Charges filed in death of John St. man
By Nick Hiltunen
Published in News on March 1, 2009 2:00 AM
Nathan Hales Faison
Police say a 45-year-old man beat a North John Street man, leading to the victim's death on Nov. 17 and involuntary manslaughter charge filed on Friday.
The death of Gerald Anthony King was originally classified as a death investigation by Investigator Dwayne Dean because the cause of death was not immediately apparent.
Now, police say that Nathan Hales Faison, 45, is responsible for King's death, and have charged him with involuntary manslaughter.
Goldsboro police say that Faison beat King, and the injuries caused his death.
When autospy results came back, police learned that King's death was a result of trauma to the head, Goldsboro Sgt. Chad Calloway said.
The police news release said that King had "developed a medical condition directly related to the assault," which Calloway explained meant trauma to King's head, allegedly inflicted by Faison.
"What it means is that he had an injury (related to) the assault," Calloway said. "During the autopsy, it was deemed that the head injury caused his death."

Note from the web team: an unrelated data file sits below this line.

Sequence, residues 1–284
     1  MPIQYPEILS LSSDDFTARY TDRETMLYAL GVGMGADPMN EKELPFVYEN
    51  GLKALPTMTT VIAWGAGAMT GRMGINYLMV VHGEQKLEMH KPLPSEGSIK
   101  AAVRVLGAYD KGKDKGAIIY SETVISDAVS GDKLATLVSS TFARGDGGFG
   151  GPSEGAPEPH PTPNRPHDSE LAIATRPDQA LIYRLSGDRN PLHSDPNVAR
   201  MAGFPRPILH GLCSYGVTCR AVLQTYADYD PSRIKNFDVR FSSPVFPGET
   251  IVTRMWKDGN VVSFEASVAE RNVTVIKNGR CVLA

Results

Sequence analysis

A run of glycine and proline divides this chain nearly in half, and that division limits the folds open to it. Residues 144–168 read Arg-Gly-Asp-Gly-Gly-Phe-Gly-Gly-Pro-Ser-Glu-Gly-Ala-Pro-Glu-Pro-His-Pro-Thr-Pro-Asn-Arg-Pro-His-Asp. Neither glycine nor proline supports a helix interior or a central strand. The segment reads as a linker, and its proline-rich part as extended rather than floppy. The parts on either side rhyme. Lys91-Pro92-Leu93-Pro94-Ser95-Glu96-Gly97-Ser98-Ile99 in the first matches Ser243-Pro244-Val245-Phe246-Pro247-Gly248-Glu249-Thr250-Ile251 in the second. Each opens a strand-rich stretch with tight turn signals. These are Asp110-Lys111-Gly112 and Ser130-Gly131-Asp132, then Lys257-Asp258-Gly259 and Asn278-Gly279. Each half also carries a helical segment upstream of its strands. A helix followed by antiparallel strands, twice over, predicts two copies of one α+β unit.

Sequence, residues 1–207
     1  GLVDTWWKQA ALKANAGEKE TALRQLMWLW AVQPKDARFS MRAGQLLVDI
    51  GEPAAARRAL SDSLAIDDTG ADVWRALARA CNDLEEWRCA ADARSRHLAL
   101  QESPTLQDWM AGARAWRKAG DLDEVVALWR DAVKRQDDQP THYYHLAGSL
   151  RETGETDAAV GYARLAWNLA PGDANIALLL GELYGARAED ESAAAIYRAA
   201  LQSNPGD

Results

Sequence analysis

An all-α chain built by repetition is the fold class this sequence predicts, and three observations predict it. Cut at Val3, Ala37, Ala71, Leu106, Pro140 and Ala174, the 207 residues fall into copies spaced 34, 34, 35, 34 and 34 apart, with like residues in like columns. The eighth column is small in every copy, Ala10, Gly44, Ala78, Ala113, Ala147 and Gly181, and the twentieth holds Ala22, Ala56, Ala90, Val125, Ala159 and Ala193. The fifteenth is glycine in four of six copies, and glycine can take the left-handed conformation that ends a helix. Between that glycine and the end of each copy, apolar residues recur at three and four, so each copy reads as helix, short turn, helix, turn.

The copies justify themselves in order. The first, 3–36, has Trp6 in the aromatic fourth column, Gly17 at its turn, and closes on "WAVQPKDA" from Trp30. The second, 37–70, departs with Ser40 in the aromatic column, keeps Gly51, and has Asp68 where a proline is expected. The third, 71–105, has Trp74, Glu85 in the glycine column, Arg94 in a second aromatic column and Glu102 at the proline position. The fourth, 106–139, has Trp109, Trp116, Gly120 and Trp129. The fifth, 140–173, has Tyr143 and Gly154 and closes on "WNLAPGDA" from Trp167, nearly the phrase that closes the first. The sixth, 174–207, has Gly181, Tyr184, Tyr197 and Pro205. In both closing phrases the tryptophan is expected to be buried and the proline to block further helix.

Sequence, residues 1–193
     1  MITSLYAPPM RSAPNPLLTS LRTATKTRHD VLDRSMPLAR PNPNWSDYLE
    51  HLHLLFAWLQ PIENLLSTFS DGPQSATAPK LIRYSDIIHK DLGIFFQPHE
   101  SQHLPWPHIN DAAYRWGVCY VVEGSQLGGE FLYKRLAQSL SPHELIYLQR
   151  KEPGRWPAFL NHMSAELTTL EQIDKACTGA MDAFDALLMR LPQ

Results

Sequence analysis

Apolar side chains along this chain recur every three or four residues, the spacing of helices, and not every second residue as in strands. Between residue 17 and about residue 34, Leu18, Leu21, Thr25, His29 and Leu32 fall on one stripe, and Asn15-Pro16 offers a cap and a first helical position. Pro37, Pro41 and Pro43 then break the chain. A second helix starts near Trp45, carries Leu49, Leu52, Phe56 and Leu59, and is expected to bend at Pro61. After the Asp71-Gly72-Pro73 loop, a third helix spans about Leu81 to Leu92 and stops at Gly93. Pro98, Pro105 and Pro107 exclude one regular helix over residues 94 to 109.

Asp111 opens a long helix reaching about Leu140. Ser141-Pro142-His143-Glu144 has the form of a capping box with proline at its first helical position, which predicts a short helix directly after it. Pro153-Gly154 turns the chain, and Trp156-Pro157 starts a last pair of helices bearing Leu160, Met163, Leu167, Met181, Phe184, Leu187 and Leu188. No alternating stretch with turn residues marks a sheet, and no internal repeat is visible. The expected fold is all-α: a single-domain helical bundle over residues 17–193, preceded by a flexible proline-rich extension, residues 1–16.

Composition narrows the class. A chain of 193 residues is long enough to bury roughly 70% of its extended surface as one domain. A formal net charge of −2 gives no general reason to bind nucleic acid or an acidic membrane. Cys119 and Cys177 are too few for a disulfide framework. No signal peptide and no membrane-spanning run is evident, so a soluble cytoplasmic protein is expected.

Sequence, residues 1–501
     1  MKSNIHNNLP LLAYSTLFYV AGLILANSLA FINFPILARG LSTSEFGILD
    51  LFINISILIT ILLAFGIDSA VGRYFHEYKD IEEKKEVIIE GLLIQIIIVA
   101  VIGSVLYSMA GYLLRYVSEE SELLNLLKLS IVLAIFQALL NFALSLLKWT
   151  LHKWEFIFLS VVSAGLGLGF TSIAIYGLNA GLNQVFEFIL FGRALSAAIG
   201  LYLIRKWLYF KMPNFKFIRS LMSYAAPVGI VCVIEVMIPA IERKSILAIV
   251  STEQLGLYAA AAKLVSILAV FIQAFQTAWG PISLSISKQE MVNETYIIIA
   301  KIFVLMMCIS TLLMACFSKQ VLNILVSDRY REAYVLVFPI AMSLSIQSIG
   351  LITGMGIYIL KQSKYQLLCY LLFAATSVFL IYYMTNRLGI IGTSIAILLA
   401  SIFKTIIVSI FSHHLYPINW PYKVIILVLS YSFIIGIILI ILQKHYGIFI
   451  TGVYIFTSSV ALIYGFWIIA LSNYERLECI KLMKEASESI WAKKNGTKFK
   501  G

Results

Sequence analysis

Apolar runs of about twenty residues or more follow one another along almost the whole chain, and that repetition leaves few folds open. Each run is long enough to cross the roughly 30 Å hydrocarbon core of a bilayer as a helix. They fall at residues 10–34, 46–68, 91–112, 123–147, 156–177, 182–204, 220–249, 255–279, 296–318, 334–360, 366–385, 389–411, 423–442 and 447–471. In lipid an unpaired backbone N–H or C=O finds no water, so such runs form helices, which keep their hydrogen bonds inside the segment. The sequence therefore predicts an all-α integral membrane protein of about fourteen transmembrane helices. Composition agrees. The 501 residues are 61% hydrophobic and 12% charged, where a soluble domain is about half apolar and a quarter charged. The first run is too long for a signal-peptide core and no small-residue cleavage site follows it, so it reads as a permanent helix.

Faison was jailed under a $5,000 bond for the involuntary manslaughter, and has a first appearance scheduled for March 2 in Wayne County District Court, police said.
Before King's death, he had been found near death at his home on Nov. 17 by relative Garland King of North Hills Drive, New Bern.
Police said that King later died at Pitt Memorial Hospital in Greenville.
On Nov. 19, Goldsboro police were contacted by New Bern police about the incident, investigators said.
The State Medical Examiner's office was already involved, having contacted the New Bern police who later communicated the crime to Goldsboro authorities.
Faison, of East Walnut Street, was arrested Friday on the involuntary manslaughter charge, a Class D felony that could result in between three to 15 years incarceration, according to state law.
Other Local News
- Care in the sky: Members of the aeromedical evacuation crew fight to get injured troops back to their families